I first started experimenting with window art at my job a few years ago. We had big bay windows and I had to use a ladder to paint the top. My art has come a long way since then, and it’s true what they say – practice makes perfect! Now I don’t want to say that where I am now is perfect, but I can honestly say that I take pride in my artwork and it is worth the hour that it takes to scrape off all the paint afterwards.
We bought our first home in Wetaskiwin almost a year ago, and since then I have been experimenting with the window paint A LOT more! I started at Halloween, since I knew that we would have lots of kids visiting the house who would see the artwork. (We have a corner lot on a busy street – lots of traffic.)
Next, I did some Christmas/winter themed windows in November. I like to leave them up as long as possible as it makes the cleaning more worth it.
For St.Patrick’s Day we had a lucky leprechaun wishing everyone luck!
And for Easter, we have a “hoppy” Easter bunny! 😉
The design I will use to walk you through this is Valentine’s day. To preface, we are a BIG Star Wars home. My husband, step-son, and I each have a real-life lightsaber made of plexi glass, we have a room in the house dedicated to Lego and Star Wars, and we routinely watch the whole series. Needless to say, we were all pretty excited for the new movie! But back on track – I decided to do a Star Wars themed Valentine’s message. I started by googling some punny quotes, because those are my favourite. I hit gold with the one I found, “Yoda Obi Wan for me!”
Next, I googled for a cartoon image of both Yoda and Obi Wan Kenobi and chose an image of each that I thought I could realistically draw. In this case I also googled a Star Wars font to get an idea of what each letter should look like.
Once I had my images picked out, it was time to get to work! I always start with a dry erase marker on the window, as it makes it easy to erase and start over if I make mistakes. I find it easiest to do a black outline of each part of the image, and then when painting I can adjust as necessary. These were my versions of the images above.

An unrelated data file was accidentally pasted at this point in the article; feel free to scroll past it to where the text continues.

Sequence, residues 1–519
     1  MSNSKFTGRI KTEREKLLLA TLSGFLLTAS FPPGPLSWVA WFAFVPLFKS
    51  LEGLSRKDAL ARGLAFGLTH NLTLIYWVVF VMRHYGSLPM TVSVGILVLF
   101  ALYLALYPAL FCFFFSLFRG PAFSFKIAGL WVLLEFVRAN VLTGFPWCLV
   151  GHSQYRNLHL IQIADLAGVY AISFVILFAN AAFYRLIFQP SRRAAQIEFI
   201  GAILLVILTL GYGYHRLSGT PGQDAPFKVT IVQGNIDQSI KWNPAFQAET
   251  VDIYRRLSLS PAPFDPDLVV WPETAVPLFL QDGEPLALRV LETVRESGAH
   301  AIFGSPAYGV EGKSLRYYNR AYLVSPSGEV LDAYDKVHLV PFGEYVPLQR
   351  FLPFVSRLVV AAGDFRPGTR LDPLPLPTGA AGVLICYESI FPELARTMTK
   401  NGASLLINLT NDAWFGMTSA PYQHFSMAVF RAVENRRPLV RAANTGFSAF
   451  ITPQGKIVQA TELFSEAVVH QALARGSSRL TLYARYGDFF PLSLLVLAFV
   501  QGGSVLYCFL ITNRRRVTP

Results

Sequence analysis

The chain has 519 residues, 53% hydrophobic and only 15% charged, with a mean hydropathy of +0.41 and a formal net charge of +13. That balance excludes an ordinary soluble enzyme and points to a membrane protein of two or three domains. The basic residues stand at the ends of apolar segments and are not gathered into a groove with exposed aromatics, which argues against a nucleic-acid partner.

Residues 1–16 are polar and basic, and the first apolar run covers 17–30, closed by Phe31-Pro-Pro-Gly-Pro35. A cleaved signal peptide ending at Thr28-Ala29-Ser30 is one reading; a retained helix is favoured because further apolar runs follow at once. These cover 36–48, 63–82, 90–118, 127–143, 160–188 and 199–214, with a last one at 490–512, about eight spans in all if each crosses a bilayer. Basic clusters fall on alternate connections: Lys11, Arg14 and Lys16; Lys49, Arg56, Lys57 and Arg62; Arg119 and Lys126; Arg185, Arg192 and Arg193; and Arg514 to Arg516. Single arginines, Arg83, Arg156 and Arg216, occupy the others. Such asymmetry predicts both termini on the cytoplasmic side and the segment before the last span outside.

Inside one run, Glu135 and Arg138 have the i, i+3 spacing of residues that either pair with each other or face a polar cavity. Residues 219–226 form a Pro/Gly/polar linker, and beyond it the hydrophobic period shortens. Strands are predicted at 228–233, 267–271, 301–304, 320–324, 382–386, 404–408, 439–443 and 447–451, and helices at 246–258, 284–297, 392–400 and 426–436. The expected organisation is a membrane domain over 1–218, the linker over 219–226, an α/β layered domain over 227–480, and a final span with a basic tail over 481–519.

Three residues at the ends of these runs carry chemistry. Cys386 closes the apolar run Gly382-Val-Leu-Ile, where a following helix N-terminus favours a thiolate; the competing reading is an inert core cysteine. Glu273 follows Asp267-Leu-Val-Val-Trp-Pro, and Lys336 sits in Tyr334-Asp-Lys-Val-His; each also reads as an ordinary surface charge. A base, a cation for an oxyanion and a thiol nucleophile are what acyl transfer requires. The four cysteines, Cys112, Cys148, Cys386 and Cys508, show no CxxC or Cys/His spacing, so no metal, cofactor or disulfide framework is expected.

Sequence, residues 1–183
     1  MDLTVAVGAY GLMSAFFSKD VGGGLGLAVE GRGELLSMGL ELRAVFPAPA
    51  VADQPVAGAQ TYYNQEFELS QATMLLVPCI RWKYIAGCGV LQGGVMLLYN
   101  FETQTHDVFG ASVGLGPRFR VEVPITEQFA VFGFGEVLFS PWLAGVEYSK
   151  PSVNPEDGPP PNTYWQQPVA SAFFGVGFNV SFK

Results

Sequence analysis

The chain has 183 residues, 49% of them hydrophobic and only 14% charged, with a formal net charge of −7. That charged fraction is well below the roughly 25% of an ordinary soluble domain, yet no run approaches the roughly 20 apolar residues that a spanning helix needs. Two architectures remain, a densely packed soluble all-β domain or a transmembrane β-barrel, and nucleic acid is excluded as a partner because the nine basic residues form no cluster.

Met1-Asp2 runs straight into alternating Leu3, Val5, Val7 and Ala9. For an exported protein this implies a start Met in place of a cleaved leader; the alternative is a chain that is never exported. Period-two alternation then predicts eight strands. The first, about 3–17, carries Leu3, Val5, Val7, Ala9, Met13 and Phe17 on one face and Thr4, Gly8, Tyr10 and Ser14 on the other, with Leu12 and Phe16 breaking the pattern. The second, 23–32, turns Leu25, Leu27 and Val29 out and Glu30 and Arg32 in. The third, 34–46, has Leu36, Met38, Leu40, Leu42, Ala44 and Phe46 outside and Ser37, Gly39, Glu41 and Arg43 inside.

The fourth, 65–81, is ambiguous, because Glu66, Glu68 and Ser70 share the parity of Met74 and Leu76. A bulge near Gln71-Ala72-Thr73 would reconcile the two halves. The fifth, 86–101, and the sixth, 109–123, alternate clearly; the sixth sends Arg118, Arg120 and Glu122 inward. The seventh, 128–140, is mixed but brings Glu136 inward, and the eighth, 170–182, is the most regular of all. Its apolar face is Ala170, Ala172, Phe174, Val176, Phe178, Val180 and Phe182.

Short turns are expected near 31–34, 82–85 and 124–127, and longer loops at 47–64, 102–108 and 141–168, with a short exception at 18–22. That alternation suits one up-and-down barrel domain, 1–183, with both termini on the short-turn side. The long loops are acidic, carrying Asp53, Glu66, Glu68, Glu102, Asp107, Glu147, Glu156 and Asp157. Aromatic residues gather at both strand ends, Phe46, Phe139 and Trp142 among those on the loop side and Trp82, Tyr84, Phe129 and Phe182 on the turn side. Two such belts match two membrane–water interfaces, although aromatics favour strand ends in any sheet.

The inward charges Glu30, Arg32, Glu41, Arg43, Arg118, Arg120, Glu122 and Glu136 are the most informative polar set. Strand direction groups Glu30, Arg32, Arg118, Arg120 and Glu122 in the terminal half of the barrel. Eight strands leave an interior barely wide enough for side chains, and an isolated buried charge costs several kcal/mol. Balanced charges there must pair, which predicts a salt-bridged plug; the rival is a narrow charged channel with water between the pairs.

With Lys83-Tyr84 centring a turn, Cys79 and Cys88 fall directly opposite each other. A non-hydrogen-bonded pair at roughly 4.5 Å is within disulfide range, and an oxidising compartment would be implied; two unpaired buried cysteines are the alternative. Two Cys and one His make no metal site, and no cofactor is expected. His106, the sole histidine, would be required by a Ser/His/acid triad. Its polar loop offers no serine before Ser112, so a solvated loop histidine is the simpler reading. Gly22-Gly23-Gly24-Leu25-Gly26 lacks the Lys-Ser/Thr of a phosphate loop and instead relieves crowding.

Next, I use a very fine brush to do a black outline of each of the images, and I used white for the words. (I find that white is the easiest colour to see, so whenever I do printed words on the window, I usually use white for the font or paint over the background in white to give it contrast.) After the first coat has dried, I always go over with a second coat to really crisp up the words and fill in any of the brush strokes. Window painting is all about layering. Whatever you want to be visible on top has to go on first – in this case, the outline. Below shows the first coat on the left and second coat on the right.
Next, we add colour! I use dollar store acrylic paints; they are about $1.50 each and do the trick really well. I get all the basics and then mix to get specific colours I want. For example, to make a skin-tone I use a gold base, then add white, red, and orange.
Et voila! (I use Christmas lights on the inside of the window for effect. I find it gives our house a nice festive look, and makes it easier to see the artwork at night.)
And finally, a finished product! (nighttime vs daytime)
Please comment if you have any questions, comments, or suggestions for future paintings! Thanks for reading! 🙂